Harvard's #1 Strategy Guru on the Key Decision for Your Business
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Competition has brought many once-dominant names to the brink of survival – General Motors, Kodak, Sears and Xerox. Advisors ignoring the important lesson here do so at their peril.
“For your business to thrive, you shouldn’t compete to be the best. Rather, you should compete to be unique.”
That was the key message delivered at a recent talk by Harvard Business School’s Michael Porter. The author of 18 books on strategy and six-time winner of the award for best Harvard Business Review article of the year, Porter is today’s undisputed leading voice on competitive strategy and positioning.
And he had an important message for financial advisors.
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The flaw with being the best
Porter began by addressing the flaws with the goal of being the best, a notion popularized by former General Electric CEO Jack Welch, whose dictum was to exit any business in which GE couldn’t be a top three player in market share.
Porter presented a different view. The notion that you have to be the best comes from the worlds of sports and war, where there is one winner. The problem with that “winner take all” mindset is that the field is littered with the losers, with only one winner emerging. The battle to be the best also leads to a focus on operational excellence, where businesses strive to out-execute, doing the same things as their competitors, only better.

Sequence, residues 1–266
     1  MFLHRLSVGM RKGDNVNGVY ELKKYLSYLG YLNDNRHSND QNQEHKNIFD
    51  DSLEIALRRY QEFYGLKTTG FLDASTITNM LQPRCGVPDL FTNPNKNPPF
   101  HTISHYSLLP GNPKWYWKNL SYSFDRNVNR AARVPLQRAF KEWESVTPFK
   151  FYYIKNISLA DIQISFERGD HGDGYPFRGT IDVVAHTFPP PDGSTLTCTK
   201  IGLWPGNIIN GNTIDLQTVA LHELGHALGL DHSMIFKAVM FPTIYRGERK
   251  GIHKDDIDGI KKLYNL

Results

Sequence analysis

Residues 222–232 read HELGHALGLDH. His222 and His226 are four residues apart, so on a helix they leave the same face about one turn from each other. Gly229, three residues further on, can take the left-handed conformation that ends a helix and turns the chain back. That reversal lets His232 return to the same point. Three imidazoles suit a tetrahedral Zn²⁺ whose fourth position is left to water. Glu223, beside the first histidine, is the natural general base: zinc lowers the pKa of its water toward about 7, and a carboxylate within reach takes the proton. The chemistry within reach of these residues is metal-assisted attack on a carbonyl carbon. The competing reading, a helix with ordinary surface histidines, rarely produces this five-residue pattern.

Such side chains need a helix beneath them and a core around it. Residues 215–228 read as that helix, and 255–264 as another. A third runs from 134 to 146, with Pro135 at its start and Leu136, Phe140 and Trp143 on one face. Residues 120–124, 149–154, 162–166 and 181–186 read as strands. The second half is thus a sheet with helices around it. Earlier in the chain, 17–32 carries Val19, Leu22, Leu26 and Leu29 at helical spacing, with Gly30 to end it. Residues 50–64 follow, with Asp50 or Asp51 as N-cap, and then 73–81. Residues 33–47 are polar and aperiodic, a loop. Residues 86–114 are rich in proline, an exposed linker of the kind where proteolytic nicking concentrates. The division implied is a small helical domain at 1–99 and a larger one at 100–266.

There are two big downsides to this approach. First, given the growing focus on industry “best practices,” this is a difficult strategy to sustain over time. And second, focus on operational efficiency alone leads to a downward spiral of price competition as firms try to squeeze other entrants by capitalizing on their lower cost structure.
In Porter’s view, a better analogy comes from the performing arts, where you can have many outstanding entertainers and actors, each building his or her own distinct audience. And by having multiple performers thriving, they expand the total audience as a result.
And he pointed to retailing, where it’s possible to have successful companies as different as Walmart and Costco on one hand and Tiffany’s, Hermes and Coach on the other. The thing that successful retailers have in common: They have homed in on a distinct audience.